Mexico v United States - FIFA 2014 World Cup Qualifier

More than a scoreline, “Dos a Cero” signifies U.S. dominance over Mexico


When Clint Dempsey stepped up to take his 93rd minute penalty kick, I bet almost half of the packed crowd at Columbus Crew Stadium hoped he would miss.

Deuce duly obliged.

That may seem silly, U.S. fans wishing their own player to miss a penalty and yeah, a good chunk would have liked to have seen Dempsey hammer home the spot kick with the last kick of the game.

But at that point, it really didn’t matter. The USA’s recent dominance over Mexico continued and Jurgen Klinsmann’s men piled on more misery to manager-less Mexico.

(MORE: Dos a Cero again! … United States qualifies for World Cup after 2-0 win over Mexico)

As the Columbus crowd chanted “Dos a Cero” in rhythmic unison to taunt the Mexican players and coaching staff, it just made sense that the U.S. were going to win 2-0. It just had to be like this in Columbus.

The last four times the U.S. have played Mexico in Columbus they’ve won 2-0. The same scoreline prevailed in 2001, 2005, 2009 and now 2013. (And let’s not forget about the USA’s World Cup victory in 2002 by the scoreline of… you guessed it, 2-0) Mexico’s players must look to Columbus as an indomitable fortress that they will never conquer, no matter how hard they try. But let’s not kid ourselves, for the opening stages El Tri looked composed and forced Tim Howard into a few good saves.

Yet the “Dos a Cero” chant continued and got louder as the game wore on and then Eddie Johnson rose highest from a second half corner to head home. And when Landon Donovan tapped in late on, the 20,000 plus national team supporters in Columbus got their wish.

“Dos a Cero. Dos a Cero.”

The scoreline was a predictable one and now that the dust has settled on a night where the U.S. sealed World Cup qualification for the seventh-straight time, some intriguing stats back up their recent success against Mexico, not only in Columbus.

source: Getty Images
Tim Howard admitted he wanted it to be “Dos a Cero” once again.

Since 2000, the USA has won 12 times against Mexico, losing just five times and drawing  four. The United States have never lost at Columbus Crew Stadium and have won five and tied two of the seven home WC qualifiers against El Tri since 1972.

(MORE: Even U.S. goalkeeper Tim Howard wanted it to be 2-0)

Those stats spell out what many Mexican fans have been fearing for quite some time: the U.S. are in the ascendancy over their fierce rivals from the South. For many years Mexico had the upper hand on their Northern neighbors but now the pendulum has swung back and forth — following 2011 Gold Cup success for Mexico and U.S. success in World Cup qualifying — and finally settled in the USA.

With a huge rebuilding process on the way for El Tri following the firing of manger Jose Manuel “Chepo” de la Torre last week, dominating Mexico could be something U.S. fans can look forward to for many years to come.

For many years the U.S. just couldn’t get a grip on Mexico, in Mexico. Boasting a 0-13-2 in World Cup Qualifying matches in Mexico and 1-23-2 all-time internationally, Klinsmann’s men are gradually turning the tide on their bitter CONCACAF rivals. Yet even the intimidating confides of the Azteca have been breached on the last two visits from the U.S. national team following their 1-0 friendly win in August 2012 and the 0-0 WC qualifying draw in March 2013.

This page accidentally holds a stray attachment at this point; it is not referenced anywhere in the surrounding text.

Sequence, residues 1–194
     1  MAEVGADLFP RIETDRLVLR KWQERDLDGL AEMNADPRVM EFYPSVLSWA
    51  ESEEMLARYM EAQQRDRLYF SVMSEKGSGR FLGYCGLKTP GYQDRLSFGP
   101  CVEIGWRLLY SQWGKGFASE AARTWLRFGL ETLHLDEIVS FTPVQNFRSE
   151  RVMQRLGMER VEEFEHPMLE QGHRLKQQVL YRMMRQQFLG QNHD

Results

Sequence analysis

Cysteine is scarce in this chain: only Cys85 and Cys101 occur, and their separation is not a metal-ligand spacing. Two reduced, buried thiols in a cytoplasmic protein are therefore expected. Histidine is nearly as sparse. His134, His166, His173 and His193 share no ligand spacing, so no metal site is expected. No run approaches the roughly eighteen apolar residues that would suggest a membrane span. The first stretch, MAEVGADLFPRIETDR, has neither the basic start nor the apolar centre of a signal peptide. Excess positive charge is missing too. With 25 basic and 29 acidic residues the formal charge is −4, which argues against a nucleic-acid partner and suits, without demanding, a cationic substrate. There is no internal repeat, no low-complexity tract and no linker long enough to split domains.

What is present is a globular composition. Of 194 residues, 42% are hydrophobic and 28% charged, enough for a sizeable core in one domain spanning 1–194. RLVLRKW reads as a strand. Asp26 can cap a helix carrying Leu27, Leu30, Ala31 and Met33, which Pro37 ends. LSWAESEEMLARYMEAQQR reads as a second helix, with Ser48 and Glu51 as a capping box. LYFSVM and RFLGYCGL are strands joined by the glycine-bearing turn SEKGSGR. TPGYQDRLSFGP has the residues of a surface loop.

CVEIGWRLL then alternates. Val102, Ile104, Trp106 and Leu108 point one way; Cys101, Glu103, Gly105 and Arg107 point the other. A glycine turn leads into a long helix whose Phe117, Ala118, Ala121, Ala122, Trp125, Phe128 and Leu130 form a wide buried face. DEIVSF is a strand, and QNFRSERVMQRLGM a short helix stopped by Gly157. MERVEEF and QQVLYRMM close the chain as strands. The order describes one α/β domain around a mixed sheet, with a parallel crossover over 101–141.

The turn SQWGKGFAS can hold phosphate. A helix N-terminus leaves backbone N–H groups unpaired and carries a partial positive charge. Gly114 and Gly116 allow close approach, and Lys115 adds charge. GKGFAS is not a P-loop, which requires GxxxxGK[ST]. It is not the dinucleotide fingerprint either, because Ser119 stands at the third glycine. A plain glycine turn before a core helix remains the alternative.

After Tuesday’s damaging defeat Mexico are struggling with Honduras, Panama and Jamaica for the final automatic WC spot and they aren’t the favorites to grab it. The U.S. can put their feet up and relax in their final two qualifiers.

The USA’s dominance over Mexico has never been as clear as it is right now.

MLS Cup Playoffs: Seattle Sounders 1-0 Sporting KC (video)

Seattle Sounders defender Roman Torres, right, exchanges words with Sporting Kansas City's Kevin Ellis, left, and Soni Mustivar, center, after Sounders' midfielder Osvaldo Alonso (not shown) was given a yellow card for a foul against midfielder Roger Espinoza in the first half of an MLS soccer playoff match, Thursday, Oct. 27, 2016, in Seattle. (AP Photo/Ted S. Warren)
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The game in 100 words (or less): There’s a ton to unpack here, so we’ll dive right in. The Seattle Sounders topped Sporting Kansas City in the final knockout-round game of the 2016 MLS Cup Playoffs. Nelson Valdez scored the game’s only goal, an 88th-minute header, but not without supreme controversy. For starters, Valdez was offside as Joevin Jones played the ball into the box, just as Matt Besler was on a free kick for Sporting earlier in the second half. Besler’s goal was ruled out for offside, Valdez’s was allowed to stand. Benny Feilhaber, perhaps in his final game for Sporting, played like a man possessed and so nearly singlehandedly won the game for Sporting at multiple points on the night. Stefan Frei stood on his head and refused to allow such an occurrence. Osvaldo Alonso could have been sent off twice on the night — once on a straight red; once on a second yellow — but finished the game with just a single caution. Up next, the Sounders will take on Supporters’ Shield-winning FC Dallas in the Western Conference semifinals.

[ MORE: All of PST’s MLS Cup Playoffs preview coverage ]

Three Four moments that mattered

10′ — Zusi hits the post with a strike through traffic — Benny Feilhaber’s through ball to set up this double-chance for Sporting in sumptuous, and fully deserving of a proper finish.

53′ — Besler heads home, but he’s offside — This is about as close an onside/offside decisions get.

79′ — Frei denies Feilhaber after a spectacular run — Feilhaber’s run was mesmerizing, but Stefan Frei’s save was the tiniest bit better.